The name Elliot Rodger has become synonymous with misogyny and fear. Bringing further to light the hate and aggression that women suffer on a daily basis, Elliot Rodger took violence against women to the extreme. Women live in a world where they refuse to walk home alone after dark. When going on a first date, men are typically afraid of being rejected, and women are typically afraid of being raped. The society we live in perpetuates violence against women, and that is the society wherein we place our daughters and sisters.

However, walking home alone after dark, you are more likely to be attacked if you are a man than if you are a woman. Here is a link to the Indicators of Well-Being in Canada website that shows that the total of all violent offenses against men (including sexual assault, physical assault, and robbery) is higher than against women: http://www4.hrsdc.gc.ca/.3ndic.1t.4r@-eng.jsp?iid=61

Of course, sexual assault is higher against women, surprise surprise, but overall violence is more likely to occur if you have a penis than if you don’t.

So why are women terrified when they are actually safer than men? Well, that society we live in also perpetuates fear. The term “rape culture” gets thrown around in feminist dialogues every now and then, and what that means is that the predominant culture is one that seemingly allows, or even endorses, rape through its imagery and popular dialogue. For example, that US senator who spoke about “legitimate rape”, or images in the media of sexual abuse against women, all these things combined create a culture where violence against women is seen as the norm. A culture like that is bound to make anyone just a tiny bit afraid of going out alone after dark.

The overwhelming response against the massacre that Elliot Rodger’s committed plays into that fear. Women are coming forward on twitter with the hashtag #YesAllWomen to tell stories of the abuses that they’ve suffered. I’m not saying that these women are lying, nor am I saying that what happens to women on a daily basis is horrible. What I’m saying is that the celebration of victimhood and the perpetuation of fear is the wrong approach to actually solving these problems.

So I bet you thought I was going to get all “Men’s Rights”, and “We need to focus on The Mens!”  when I mentioned that men are attacked more often than women. And I am, kind of. In keeping with the anecdotal tradition of #YesAllWomen, I asked all the guys I work with if they had ever been in a fight. I was met with shock; not that it was an offensive question, but because the answer was so obvious that I shouldn’t even have needed to ask. Yes. They had all been in fights. One guy answered, “Yeah, a couple” and another alluded to having been in many. Violence among men is SO STANDARD that asking about it is meaningless.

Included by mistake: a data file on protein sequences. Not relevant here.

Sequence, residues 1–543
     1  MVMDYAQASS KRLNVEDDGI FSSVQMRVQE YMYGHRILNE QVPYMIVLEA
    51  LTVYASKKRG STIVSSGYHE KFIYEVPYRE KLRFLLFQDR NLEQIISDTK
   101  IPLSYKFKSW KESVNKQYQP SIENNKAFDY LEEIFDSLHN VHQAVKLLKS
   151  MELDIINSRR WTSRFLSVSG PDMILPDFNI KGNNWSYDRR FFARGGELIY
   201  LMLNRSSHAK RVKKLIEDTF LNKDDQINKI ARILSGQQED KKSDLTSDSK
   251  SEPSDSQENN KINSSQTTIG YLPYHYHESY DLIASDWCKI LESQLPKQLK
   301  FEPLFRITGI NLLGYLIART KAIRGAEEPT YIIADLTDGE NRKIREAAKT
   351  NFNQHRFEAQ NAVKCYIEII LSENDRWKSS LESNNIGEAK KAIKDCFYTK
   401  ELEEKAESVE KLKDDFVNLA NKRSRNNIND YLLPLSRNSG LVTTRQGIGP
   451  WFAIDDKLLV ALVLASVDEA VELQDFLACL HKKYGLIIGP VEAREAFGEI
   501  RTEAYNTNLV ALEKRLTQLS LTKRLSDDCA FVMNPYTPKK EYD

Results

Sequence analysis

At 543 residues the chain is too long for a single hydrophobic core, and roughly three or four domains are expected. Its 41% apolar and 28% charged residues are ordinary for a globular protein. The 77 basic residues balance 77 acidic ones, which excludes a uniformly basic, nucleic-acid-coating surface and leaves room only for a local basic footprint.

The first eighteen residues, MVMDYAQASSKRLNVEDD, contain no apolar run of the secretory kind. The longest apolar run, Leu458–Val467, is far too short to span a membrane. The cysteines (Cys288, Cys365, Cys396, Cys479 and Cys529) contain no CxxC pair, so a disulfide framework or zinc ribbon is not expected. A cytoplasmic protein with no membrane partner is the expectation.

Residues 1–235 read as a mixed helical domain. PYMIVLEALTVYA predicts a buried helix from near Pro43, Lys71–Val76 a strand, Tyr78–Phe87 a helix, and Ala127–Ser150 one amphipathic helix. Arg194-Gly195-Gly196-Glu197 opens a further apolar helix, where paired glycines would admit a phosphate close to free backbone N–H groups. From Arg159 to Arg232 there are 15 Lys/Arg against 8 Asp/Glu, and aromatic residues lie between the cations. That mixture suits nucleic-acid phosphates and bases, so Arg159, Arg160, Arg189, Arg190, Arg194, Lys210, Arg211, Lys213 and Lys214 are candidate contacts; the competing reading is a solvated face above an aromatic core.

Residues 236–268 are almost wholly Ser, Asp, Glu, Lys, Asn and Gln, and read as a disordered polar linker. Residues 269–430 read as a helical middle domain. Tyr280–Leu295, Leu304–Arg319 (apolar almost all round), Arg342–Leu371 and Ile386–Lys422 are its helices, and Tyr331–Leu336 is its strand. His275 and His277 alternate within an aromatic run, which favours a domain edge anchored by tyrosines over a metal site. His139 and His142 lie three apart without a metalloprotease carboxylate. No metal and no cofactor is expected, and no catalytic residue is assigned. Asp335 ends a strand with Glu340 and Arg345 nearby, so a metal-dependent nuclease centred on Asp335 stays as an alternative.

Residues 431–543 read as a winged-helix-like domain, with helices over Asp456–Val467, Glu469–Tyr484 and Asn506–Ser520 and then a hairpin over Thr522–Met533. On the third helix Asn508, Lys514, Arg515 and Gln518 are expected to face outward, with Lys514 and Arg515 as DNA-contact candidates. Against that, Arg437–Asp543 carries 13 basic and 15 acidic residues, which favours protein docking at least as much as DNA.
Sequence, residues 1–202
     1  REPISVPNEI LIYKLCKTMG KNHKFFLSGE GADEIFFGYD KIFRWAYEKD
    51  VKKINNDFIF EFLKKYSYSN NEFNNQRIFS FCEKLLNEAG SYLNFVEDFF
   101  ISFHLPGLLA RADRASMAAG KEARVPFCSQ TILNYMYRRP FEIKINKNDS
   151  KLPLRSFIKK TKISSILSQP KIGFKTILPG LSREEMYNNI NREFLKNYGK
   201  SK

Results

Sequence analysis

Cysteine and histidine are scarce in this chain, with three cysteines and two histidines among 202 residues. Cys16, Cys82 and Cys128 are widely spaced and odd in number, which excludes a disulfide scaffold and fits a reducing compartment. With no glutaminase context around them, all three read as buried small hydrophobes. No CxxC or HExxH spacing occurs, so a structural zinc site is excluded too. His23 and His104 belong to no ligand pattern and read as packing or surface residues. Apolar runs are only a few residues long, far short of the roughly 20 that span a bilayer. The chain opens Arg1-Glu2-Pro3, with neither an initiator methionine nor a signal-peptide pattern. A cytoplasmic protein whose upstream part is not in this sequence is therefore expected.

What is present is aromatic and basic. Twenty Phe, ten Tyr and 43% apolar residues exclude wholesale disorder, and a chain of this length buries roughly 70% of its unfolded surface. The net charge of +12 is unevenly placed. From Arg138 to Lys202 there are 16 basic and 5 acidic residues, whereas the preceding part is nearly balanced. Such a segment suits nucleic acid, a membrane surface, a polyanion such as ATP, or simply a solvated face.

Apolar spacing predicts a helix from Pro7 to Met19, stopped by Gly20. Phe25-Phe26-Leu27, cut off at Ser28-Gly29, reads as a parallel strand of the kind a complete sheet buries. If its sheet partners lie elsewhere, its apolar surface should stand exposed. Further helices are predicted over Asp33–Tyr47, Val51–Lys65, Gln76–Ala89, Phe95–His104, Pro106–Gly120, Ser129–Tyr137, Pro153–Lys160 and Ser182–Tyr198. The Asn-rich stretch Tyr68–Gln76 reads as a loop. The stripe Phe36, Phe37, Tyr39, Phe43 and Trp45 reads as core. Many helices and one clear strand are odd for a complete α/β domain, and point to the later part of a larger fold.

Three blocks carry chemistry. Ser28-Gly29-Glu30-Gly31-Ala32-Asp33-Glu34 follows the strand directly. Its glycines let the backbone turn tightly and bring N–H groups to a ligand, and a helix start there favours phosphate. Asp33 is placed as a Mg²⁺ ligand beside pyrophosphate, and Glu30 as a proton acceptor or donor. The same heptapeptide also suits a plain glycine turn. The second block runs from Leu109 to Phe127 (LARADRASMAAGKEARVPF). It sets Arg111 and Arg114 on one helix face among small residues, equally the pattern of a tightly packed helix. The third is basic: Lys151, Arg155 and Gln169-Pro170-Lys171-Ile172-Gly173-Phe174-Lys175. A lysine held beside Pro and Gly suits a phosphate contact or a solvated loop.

So in regard to our boy Elliot, let’s focus on The Mens. Instead of asking, “Why are women being assaulted?” let’s ask, “Why are men assaulting women?” Let’s include men, even just the term, in the dialogue when it comes to violence against women.

Let’s look at Elliot Rodger without mentioning anything feminine. He is a man, he is socially isolated, feels humiliated, and has access to guns. Doesn’t that look just a teeny bit similar to every instance of a school shooting? Of, you know, most mass killings?

There is a common thread between violence against men and the violence against women, and that is that it is violence being committed by men. This is the issue that needs dealing with. Not making women terrified so that first dates are even harder for us guys than necessary, but getting to the root of why men are committing violence.

The first question that I asked about why women are being assaulted. The #YesAllWomen trend. Most media dialogue regarding violence against women. They all ignore men. It seems as though women are the issue here, and the old gun logic of “If everyone had a penis, then none of this would have happened!” becomes the somewhat facetious solution to these problems.

Or you could look at what actually caused this violence in the first place. Maybe let’s curb access to guns, develop a more socially inclusive society, have easier access to mental health therapy, or maybe adjust our culture to one that doesn’t glorify violence in masculinity.

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